Dinosaur Park footprints: how old are Acrocanthosaurus tracks, why were they discovered in Texas national park
Dinosaurs last roamed the earth 66 million years ago before being wiped out by what experts believe was an asteroid strike on earth
and live on Freeview channel 276
Dinosaurs have not roamed the earth since they were wiped out in a major extinction event some 66 million years ago.
Now, experts in Texas have rediscovered remarkably intact footprints from an Acrocanthosaurus.
So, how old are the tracks - and what led to their rediscovery?
Here’s what you need to know.
What was an Acrocanthosaurus?
According to the Natural History Museum, the Acrocanthosaurus was a 12-metre (39-feet) long carnivorous dinosaur that lived between 115 million and 105 million years ago.
The dinosaur probably stood at twice the height of the average human.
Its fossils tend to be found in the USA and Canada.
A predecessor to the Tyrannosaurus, which appeared some 50 million years afterwards, the creature is classified as a therapod - meaning it was a three-toed dinosaur.
Its name means ‘high-spined lizard’.
It is likely to have hunted the Sauroposeidon - a 44-tonnes long-necked herbivore that may have been able to grow to 34-metres (112-feet) long.
Its long neck and great height would have allowed it to feed on leaves at the top of trees, but the sheer size of the animal meant it would have been vulnerable to agile predators like the Acrocanthosaurus.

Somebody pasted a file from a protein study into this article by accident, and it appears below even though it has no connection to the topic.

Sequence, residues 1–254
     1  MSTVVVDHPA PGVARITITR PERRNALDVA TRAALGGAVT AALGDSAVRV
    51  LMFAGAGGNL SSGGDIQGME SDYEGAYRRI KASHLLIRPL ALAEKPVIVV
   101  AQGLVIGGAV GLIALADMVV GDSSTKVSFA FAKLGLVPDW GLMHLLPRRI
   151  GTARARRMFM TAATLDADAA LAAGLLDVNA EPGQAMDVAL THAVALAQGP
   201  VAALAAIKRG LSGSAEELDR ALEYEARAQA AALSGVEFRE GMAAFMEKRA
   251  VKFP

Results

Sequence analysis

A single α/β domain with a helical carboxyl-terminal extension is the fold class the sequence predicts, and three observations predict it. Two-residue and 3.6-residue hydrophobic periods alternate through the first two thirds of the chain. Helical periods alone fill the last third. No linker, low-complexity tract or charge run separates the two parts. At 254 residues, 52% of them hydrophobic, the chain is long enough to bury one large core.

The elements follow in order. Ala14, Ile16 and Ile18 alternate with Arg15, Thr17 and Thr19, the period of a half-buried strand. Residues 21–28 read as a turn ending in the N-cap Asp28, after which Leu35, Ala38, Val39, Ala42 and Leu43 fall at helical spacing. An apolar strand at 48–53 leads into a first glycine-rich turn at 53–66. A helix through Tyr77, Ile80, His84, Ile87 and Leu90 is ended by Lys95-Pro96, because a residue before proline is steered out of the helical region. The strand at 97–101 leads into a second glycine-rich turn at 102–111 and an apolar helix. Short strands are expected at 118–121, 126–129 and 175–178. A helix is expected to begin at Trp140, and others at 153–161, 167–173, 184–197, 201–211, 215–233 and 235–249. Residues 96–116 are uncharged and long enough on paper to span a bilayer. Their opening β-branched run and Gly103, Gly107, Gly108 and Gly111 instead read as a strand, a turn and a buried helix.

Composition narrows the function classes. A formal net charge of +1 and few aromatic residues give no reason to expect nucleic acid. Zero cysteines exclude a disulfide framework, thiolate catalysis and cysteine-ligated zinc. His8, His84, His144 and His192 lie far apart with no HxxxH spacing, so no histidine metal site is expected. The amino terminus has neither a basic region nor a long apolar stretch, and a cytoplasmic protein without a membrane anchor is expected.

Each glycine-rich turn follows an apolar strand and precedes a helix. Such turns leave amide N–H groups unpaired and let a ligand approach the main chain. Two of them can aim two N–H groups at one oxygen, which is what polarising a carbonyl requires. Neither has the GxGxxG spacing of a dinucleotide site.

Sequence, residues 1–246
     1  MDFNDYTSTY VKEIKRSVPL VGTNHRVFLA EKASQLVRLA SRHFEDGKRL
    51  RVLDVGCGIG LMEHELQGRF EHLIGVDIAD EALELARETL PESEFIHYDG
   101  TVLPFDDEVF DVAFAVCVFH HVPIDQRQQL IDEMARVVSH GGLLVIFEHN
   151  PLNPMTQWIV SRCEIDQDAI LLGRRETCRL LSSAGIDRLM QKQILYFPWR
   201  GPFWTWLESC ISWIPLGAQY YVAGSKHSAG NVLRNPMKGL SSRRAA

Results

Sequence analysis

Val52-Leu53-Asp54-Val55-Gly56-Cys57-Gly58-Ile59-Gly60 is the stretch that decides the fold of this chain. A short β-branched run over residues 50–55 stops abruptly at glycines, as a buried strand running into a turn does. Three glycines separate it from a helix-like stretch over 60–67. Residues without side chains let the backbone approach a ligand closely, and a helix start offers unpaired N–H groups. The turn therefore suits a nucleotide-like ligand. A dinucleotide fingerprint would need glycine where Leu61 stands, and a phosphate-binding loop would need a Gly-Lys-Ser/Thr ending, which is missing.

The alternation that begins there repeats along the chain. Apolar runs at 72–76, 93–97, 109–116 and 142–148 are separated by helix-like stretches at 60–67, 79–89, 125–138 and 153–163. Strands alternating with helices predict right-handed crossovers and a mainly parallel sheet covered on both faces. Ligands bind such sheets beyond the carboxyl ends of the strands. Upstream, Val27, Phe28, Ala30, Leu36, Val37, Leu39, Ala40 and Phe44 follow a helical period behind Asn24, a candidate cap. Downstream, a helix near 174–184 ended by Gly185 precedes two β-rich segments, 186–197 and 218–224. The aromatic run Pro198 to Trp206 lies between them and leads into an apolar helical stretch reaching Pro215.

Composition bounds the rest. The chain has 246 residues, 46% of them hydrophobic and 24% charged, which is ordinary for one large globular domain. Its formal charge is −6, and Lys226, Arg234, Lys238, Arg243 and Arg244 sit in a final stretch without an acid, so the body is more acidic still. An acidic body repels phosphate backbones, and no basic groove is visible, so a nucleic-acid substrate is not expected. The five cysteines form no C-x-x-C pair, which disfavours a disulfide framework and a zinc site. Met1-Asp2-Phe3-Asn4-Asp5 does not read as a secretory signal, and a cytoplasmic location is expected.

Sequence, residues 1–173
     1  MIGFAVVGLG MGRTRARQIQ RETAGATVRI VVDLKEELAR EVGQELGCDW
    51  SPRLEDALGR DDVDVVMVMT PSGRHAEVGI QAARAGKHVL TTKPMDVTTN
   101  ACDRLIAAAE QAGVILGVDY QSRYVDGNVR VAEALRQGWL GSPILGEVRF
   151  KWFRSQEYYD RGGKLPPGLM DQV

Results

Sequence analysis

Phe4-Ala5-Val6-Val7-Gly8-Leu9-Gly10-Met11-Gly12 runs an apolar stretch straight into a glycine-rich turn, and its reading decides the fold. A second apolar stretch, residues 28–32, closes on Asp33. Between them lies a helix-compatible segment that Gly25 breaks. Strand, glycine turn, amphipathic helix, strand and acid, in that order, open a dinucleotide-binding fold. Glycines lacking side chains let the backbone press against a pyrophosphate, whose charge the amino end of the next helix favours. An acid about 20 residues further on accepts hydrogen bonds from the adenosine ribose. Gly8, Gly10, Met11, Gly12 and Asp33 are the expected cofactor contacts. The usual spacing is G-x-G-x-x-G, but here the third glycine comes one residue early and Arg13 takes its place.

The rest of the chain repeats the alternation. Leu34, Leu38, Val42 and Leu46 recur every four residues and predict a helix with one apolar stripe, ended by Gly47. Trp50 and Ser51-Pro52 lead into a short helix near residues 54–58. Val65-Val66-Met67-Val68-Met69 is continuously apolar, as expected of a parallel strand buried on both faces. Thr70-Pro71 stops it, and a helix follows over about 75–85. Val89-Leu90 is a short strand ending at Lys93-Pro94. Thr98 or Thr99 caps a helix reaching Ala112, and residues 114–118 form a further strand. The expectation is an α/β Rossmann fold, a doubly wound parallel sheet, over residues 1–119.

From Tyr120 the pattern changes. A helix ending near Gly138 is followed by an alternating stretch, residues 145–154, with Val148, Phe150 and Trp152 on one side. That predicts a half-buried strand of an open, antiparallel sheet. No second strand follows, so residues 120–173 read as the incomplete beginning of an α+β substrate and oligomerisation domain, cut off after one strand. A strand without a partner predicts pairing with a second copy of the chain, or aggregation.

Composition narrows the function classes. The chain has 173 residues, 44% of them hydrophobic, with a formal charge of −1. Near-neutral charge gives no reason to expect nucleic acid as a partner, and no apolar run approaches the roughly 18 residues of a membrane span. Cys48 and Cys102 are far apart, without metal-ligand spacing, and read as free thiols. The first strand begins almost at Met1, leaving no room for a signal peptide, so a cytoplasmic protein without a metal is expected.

Its elephant-like tracks have been identified at the Texas national park where the Acrocanthosaurus footprints have been discovered.
How old are the dinosaur park footprints?
A series of footprints belonging to one Acrocanthosaurus have been discovered in the Dinosaur Valley State Park, which is close to Fort Worth, Texas.
The US national park has been the site of several dinosaur footprint discoveries since the early 1900s.
It has been such a fertile ground for fossil hunters because a major flood in 1908 scoured away the riverbed of the Paluxy River, revealing ancient mud beneath.
The acrocanthosaurus tracks are 113 million years old.
This means they date from the Early Cretaceous period, which ran between 97.5 million years and 144 million years ago.
Known as the Lone Ranger trackway, the footprints go on for an unbroken 350ft (107 metres).
Why were the dinosaur park footprints found?
Usually, the Paluxy River covers up most of the footprints in the Dinosaur Valley State Park.
Even if the water levels are low, the tracks tend to be covered in a layer of mud and silt.
But with much of the US state of Texas experiencing a major drought, the river levels have dropped to little more than a trickle while the shoreline mud has almost completely dried up.
It means experts have been able to access the prints and clear them of debris.
Almost the entire state is experiencing what the US Drought Monitor describes as ‘severe drought’, with two-thirds of areas in ‘extreme drought’ and more than a quarter classified as being in ‘exceptional drought’.
This means farmers are likely to be losing their crops, farm animals are having to be culled and water quality becomes very poor.
It comes as the world battles a deepening climate crisis that has seen temperature records broken in the UK this summer.